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Paul Routledge and Andrew Cumbers

5217P GLOBAL JUSTICE-PT/lb.qxd 13/1/09 19:59 Page 28 2 Networks, global civil society and global justice networks In this chapter our purpose is to fuse together recent theorisations about the resistance to neoliberalism with broader debates that seek to conceptualise changes in society more generally, stemming from processes of globalisation. The latter, typified by the work of Manuel Castells, perceive of a fundamental qualitative shift in both the organisation and relations of human society brought about by globalisation processes. The network concept has

in Global justice networks
Geographies of transnational solidarity

This book provides a critical investigation of what has been termed the ‘global justice movement’. Through a detailed study of a grassroots peasants' network in Asia (People's Global Action); an international trade union network (the International Federation of Chemical, Energy, Mining and General Workers); and the Social Forum process, it analyses some of the global justice movement's component parts, operational networks and their respective dynamics, strategies and practices. The authors argue that the emergence of new globally connected forms of collective action against neoliberal globalisation are indicative of a range of variously place-specific forms of political agency that coalesce across geographic space at particular times, in specific places and in a variety of ways. They also argue that, rather than being indicative of a coherent ‘movement’, such forms of political agency contain many political and geographical fissures and fault-lines, and are best conceived of as ‘global justice networks’: overlapping, interacting, competing and differentially placed and resourced networks that articulate demands for social, economic and environmental justice. Such networks, and the social movements that comprise them, characterise emergent forms of trans-national political agency. The authors argue that the role of key geographical concepts of space, place and scale are crucial to an understanding of the operational dynamics of such networks. Such an analysis challenges key current assumptions in the literature about the emergence of a global civil society.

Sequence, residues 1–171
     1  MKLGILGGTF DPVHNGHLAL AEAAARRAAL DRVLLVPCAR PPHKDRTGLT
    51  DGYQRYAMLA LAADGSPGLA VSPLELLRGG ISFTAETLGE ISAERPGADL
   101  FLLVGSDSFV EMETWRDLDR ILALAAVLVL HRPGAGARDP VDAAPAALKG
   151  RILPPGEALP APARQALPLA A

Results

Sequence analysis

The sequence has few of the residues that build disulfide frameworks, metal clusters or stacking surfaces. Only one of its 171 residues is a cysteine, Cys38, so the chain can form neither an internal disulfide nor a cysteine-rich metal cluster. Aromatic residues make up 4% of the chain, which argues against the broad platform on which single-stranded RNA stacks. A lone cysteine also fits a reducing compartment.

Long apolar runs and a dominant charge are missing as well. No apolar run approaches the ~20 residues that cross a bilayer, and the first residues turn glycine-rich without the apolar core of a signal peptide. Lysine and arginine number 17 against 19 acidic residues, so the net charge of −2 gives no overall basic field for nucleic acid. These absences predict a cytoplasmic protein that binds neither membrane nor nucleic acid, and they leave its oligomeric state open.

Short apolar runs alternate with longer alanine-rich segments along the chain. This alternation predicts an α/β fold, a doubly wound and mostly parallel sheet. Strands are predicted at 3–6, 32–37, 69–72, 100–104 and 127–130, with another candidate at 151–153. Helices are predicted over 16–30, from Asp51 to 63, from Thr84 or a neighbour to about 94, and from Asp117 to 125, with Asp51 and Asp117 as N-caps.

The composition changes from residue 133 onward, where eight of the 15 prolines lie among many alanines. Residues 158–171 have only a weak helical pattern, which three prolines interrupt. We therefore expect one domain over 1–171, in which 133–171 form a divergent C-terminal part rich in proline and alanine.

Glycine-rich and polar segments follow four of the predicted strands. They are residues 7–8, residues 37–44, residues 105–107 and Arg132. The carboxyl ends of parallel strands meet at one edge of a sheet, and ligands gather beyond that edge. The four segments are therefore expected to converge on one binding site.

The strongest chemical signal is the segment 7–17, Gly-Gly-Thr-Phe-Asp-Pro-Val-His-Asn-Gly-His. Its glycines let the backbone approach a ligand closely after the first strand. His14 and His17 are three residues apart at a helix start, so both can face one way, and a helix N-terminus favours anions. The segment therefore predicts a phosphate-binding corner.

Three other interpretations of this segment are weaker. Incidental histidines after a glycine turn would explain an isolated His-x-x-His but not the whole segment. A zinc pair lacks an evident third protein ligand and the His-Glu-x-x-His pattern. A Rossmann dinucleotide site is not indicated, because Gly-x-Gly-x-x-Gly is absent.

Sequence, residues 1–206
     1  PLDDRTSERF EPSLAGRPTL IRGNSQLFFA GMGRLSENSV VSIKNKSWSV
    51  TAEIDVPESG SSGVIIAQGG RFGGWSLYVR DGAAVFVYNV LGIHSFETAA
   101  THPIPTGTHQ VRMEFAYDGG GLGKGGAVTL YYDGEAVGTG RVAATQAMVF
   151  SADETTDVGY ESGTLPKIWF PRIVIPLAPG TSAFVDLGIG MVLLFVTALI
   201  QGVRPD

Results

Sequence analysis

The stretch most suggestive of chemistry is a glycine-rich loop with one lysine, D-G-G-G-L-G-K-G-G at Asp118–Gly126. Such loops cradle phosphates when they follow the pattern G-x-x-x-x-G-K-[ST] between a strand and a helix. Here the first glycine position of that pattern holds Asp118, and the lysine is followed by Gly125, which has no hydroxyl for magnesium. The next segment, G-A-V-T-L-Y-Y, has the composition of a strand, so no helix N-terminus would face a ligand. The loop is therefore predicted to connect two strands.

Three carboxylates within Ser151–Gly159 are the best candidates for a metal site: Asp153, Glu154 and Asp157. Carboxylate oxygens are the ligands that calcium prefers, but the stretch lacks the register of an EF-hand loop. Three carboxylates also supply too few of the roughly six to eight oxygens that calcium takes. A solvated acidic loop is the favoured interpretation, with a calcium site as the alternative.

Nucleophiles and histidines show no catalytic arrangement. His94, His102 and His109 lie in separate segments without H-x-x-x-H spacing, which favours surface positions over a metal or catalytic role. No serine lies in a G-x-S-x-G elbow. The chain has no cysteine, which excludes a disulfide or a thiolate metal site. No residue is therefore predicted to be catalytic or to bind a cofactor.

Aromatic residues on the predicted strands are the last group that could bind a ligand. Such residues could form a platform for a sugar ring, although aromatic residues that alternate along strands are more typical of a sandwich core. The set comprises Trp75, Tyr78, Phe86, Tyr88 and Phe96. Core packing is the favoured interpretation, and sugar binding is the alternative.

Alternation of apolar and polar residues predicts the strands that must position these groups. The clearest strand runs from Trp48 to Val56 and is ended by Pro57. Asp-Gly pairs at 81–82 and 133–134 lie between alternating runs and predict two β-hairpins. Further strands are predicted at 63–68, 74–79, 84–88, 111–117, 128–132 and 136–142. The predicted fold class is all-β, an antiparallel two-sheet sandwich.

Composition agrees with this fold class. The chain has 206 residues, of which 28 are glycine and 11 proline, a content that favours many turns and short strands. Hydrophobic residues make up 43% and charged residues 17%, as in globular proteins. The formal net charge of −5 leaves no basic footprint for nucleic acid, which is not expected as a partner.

Jannika Brostrom